Politics & Government

Conservative group to use JFK to lobby Dems to support Trump tax plan

President Donald Trump and Senate Majority Leader Mitch McConnell of Ky., speak to members of the media in the Rose Garden of the White House, Monday, Oct. 16, 2017.
President Donald Trump and Senate Majority Leader Mitch McConnell of Ky., speak to members of the media in the Rose Garden of the White House, Monday, Oct. 16, 2017. AP

A conservative group is launching a six-figure television ad buy targeting Democratic senators in three states that President Donald Trump won, pressing them to embrace a Republican-led push for a tax overhaul.

The ad buy from the Job Creators Network is the latest in what the group says will be a multi-million dollar campaign aimed at boosting GOP tax reform efforts.

The 30-second spots will start airing Tuesday in West Virginia, Montana and North Dakota. They feature former President John F. Kennedy advocating for tax cuts as a means to boost the economy.

Worried about a tight margin in the Republican-led Senate and leadership’s inability to deliver on campaign promises, the White House and its allies have been targeting vulnerable Senate Democrats to back the administration’s tax agenda.

The three targeted Democrats are all up for re-election in states that Trump won handily, and two of them, Sens. Heidi Heitkamp of North Dakota and Joe Manchin of West Virginia declined to sign a Senate Democratic caucus letter to Trump and congressional leaders detailing what Democrats say is not acceptable in a tax plan, notably a tax cut for the top 1 percent of Americans. The third, Sen. Jon Tester of Montana, has written to Trump, inviting him to Montana to talk taxes, but has warned against adding to the debt.

President John F. Kennedy advocated for an income tax cut in this newsreel from August 1962 ahead of outlining his plan before Congress in January 1963. In 2017, a conservative group used part of Kennedy speaking about the tax cuts in a 30-second

Heitkamp last month traveled with Trump aboard Air Force One as he stumped for his tax plan in North Dakota, but she’s stopped short of endorsing the administration’s plan.

The ads, which will run in Washington, D.C. as well, will air for a week and are part of a larger pro-tax reform campaign that includes an online site for a tax relief petition.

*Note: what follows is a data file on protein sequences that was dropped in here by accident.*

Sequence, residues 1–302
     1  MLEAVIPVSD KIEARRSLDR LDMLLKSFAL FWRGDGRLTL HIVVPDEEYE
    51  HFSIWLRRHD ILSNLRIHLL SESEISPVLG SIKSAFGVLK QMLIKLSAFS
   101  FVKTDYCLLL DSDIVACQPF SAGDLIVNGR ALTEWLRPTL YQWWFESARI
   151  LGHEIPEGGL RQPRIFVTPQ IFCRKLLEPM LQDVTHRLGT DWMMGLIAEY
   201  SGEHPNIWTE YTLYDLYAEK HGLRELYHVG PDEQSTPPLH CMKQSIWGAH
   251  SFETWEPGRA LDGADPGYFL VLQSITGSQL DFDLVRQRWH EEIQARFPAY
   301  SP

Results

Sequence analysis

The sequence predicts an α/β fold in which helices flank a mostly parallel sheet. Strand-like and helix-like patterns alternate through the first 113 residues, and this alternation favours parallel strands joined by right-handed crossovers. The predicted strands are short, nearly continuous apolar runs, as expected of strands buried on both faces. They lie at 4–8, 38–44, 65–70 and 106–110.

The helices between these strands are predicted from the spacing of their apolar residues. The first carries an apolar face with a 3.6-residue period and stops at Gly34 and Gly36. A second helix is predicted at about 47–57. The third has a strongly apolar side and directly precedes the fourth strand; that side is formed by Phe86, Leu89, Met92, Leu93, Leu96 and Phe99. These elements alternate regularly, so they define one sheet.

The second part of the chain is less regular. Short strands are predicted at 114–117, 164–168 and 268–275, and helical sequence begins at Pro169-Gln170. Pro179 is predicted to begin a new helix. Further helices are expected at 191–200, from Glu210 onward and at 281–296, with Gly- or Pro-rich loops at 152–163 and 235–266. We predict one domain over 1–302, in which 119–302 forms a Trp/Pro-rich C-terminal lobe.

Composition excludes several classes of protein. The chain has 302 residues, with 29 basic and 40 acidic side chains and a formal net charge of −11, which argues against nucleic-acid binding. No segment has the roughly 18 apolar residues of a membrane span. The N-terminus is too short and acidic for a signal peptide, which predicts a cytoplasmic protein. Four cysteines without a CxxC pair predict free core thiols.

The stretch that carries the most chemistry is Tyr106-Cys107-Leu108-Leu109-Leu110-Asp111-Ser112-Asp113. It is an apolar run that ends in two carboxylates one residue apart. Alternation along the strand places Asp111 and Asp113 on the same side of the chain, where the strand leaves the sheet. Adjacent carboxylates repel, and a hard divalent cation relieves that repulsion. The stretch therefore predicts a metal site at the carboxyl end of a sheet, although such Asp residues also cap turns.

“‬Tax cuts have a long and proud history in the U.S. — leading to periods of strong economic growth and accelerated job creation,” said Alfredo Ortiz, president of the group, which is aligned with former House Speaker Newt Gingrich. “The results of tax cuts under President Bush, President Reagan, and the legislation pushed by President Kennedy demonstrated this relationship.”

Kennedy was a strong tax cut advocate, and his plan was moving ahead in Congress. Just days after Kennedy was assassinated in November, 1963, President Lyndon Johnson urged Congress to push ahead with the Kennedy plan. The tax cut was enacted in February, 1964.

The job creator group’s goal is to have “significant” tax relief legislation passed by the end of the year, but Trump and Senate Majority Leader Mitch McConnell, R-Ky., suggested Monday that the tax debate could push into next year, a potentially difficult lift during an election year.

After lunch with McConnell at the White House, Trump said he’d “very much” like to finish a tax overhaul this year, but noted it took President Ronald Reagan “years” to get a tax package passed. Reagan got his major tax cut passed in 1981, his first year, though advocates had been pushing a version of the plan long before that.

McConnell pointed out that President Barack Obama’s signature accomplishments had come in his second year in office.

“We could have a long way to go, “ Trump said. “But that's okay.”

President Donald Trump made a speech outside of the White House on Thursday before signing an executive order targeting an IRS rule that says religious organizations and other non-profits that endorse political candidates risk losing their tax-exe

Lesley Clark: 202-383-6054, @lesleyclark